There is a definite line that exists in aquaponics between running a system on seasol whilst waiting for fish to arrive, and the week or two after fish arrive and the system begins to be powered by waste and the nitrite/nitrate/ammonia cycle.

You can almost see the plants grow and count the new buds and shoots daily.

What will be the biggest learning curve for me in the Deep Water System, will be planting patterns, where things grow best in this system, what slows water flow such as the celery, and what plants need the most or least nutrients. This is really very exciting!

The little system is all mapped for us, we know what grows the best where and what we can get each year from the space we have, but this new system is completely different. And its fun, and we love the fact that we can share it all with all of you.

Thanks for following everyone, and welcome to our new followers!

Aquaponics: Fish Farming & Water Gardening. 💧🌱💧🐟💧

Hydroculture (water gardening) may date back to as early as the Hanging Gardens of Babylon, the ancient Aztec chinampas, and the ancient Chinese floating gardens. Aquaponics is the combination of aquaculture (raising fish) and hydroponic agriculture (growing plants in water without soil). Plants naturally filter water for the fish, and fish waste provides organic food for growing plants. Some popular fish choices are trout, catfish, bluegill, and tilapia. Plant choices are nearly limitless, except for plants that require an acidic environment. A backyard greenhouse is ideal for sunlight and natural climate control. Aquaponic gardening uses 90% less water than traditional soil gardening, because the water is re-circulated. Aquaponic gardening yields two foods for one input (fish feed). Plants also grow 2 to 3 times faster in aquaponic systems. Start-up costs are completely worth it once balance is established to gain the renewable rewards and self-reliance. What are your thoughts? Would you try aquaponic gardening?

http://www.motherearthnews.com/organic-gardening/aquaponic-gardening-growing-fish-vegetables-together.aspx

http://www.offthegridnews.com/survival-gardening-2/hydroponics-vs-aquaponics-the-pros-and-cons-of-two-soilless-farming-methods/

#Survival #Homesteading #SHTF #Gardening #WaterGardening #Aquaponics #Aquaculture #Hydroculture #Agriculture #Horticulture #Botany #Hydroponics #Farming #Fish #Fishing #FishFarm #Sustainable

modernfarmer.com
From N16 to SW9: How London's Urban Farmers are Cultivating the City - Modern Farmer
From the UK’s first acquaponic vertical farm to a bee apiary that spans the city’s gardens and rooftops, a new generation of farmers are transforming London into an urban acreage.

How London’s Urban Farmers are Cultivating the City

One of the most expensive cities in the world, London is not known for its urban agriculture. Yet a new generation of farmers is starting to change all that by transforming the city’s underground tunnels, industrial warehouses, and rooftops into urban acreage. Read the full article on Modern Farmer.

5

Hi All, 

I have often been criticized for the depths of my Deep Water Aquaponic beds, comments to the nature of ‘too deep’ or ‘waste of water’ and even ‘un-traditional’ and some other far out there comments.

But this is why we made them 450mm deep and not the traditional 150-200mm deep the literature recommends. It makes sense when you think about it, if a media based aquaponic bed is recommended to be a minimum of 300mm deep for adequate root growth, why make a deep water bed only 200mm deep!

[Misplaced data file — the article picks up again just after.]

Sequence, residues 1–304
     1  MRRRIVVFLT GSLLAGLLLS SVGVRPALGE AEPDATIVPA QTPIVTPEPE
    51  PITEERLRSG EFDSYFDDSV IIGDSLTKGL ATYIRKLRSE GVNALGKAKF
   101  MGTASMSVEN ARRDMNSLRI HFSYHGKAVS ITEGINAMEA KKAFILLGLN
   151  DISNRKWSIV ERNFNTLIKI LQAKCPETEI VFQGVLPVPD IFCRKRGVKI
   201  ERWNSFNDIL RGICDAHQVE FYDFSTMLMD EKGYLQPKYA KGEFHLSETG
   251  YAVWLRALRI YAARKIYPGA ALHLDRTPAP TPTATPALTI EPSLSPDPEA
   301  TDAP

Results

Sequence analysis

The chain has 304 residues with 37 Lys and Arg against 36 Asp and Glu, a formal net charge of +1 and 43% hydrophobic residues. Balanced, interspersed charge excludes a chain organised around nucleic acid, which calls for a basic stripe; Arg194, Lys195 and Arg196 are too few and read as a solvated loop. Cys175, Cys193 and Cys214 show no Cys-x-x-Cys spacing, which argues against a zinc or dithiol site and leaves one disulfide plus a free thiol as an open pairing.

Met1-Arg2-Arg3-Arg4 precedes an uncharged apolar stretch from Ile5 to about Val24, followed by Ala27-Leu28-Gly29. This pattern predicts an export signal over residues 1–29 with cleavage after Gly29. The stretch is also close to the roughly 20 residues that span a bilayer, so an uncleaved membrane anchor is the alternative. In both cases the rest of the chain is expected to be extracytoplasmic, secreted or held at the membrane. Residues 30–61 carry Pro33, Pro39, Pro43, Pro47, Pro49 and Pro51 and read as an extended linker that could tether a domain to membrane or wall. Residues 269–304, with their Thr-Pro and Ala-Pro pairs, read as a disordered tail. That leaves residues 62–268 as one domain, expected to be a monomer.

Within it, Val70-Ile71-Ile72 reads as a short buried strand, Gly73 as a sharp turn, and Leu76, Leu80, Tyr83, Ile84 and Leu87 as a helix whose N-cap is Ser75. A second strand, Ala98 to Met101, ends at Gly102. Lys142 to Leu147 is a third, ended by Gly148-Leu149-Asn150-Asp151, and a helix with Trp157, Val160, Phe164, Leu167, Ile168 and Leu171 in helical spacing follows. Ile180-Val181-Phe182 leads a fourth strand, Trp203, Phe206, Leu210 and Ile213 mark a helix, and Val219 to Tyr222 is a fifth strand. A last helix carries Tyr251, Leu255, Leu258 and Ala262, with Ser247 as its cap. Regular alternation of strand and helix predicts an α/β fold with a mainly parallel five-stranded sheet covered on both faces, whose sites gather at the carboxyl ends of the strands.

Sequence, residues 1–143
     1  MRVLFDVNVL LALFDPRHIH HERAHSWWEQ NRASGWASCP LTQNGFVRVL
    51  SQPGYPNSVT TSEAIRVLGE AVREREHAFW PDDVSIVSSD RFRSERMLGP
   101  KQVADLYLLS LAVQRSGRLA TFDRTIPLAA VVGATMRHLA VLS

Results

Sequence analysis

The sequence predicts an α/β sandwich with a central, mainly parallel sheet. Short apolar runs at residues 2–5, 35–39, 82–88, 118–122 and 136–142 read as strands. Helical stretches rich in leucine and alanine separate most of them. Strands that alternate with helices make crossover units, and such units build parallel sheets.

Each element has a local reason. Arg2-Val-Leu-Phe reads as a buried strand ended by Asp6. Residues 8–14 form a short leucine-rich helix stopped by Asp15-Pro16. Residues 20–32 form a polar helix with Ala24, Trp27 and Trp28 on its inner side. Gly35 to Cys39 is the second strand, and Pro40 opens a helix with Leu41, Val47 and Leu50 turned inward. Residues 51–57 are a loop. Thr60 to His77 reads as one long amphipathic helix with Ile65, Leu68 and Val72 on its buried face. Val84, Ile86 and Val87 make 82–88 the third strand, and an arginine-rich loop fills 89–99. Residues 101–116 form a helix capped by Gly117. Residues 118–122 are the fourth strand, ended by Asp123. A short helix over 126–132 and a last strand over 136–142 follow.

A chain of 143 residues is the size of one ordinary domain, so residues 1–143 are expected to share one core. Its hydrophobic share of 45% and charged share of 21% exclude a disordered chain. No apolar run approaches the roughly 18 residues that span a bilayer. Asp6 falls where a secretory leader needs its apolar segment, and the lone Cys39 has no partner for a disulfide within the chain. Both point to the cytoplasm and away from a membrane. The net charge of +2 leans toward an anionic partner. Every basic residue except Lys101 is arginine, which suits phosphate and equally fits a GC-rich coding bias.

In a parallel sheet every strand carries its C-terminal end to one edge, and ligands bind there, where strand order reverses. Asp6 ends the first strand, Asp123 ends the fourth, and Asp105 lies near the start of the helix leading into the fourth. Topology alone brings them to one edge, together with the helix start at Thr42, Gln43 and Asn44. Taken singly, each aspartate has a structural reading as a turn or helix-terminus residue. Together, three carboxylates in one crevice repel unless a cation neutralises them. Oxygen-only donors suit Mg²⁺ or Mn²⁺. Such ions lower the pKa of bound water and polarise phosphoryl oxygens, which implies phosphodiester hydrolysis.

These celery roots reach the full 450mm depth of the grow beds, (nearly half a metre!) and 200mm outwards under the raft beside it. So much so that the net pots directly next to these need to be empty or risk being over run.

Even at this depth, these roots still slow water flow significantly, and had the beds been shallow ones, these celery roots would have clogged the system up for sure. We are only pushing 1000ltrs per hour through these beds, so its not a great water flow as it is, but i will need to keep a very careful eye on this when the other seedlings begin to reach full size to make sure i have adequate water flow.

Just something to think about.

Have a safe weekend everyone, and WELCOME to all our new followers! Thanks very much for taking an interest in us, in means a lot to us!

Regards

Fort McMurray greenhouse to turn garbage into veggies

The name Fort McMurray often conjures up grim images of oilsands mines, upgraders and tailing ponds.

Now, the local government is trying to turn over a new leaf – or at least grow some new leaves.

The community plans to use garbage from its landfill to grow vegetables. Already, during the test phase, they have grown lettuce and herbs inside of a shipping container at the community’s landfill.

“You always hear [negative] stuff about the oilsands, but these things that we are doing, are making it better,” says Ashley Boyd, sustainability associate with the Regional Municipality of Wood Buffalo.

Read more

Webofgoodnews.com

2

Does this look to good to be true? I kinda want to see a finished one.

1. Water Vortexer 2. Double Green House 3. Aquaponics System 4. Waste Water Reclamation 5. Grey Water Reclamation 6. Colonics Toilet 7. Zeolite Shower Filter 8. Solar Power 9. Wind Power 10. Plasma Enhanced Electrical Generator 11. Grounding Bed 12. Hanging Bed 13. Solar Heated Water Tank 14. Water Vortexer 15. High Tech Living Kitchen 16. Yoga Swing 17. Far-Infrared Sauna 18. Geopolymer Foundation with Radiant Heat

http://www.sustainabledomes.com/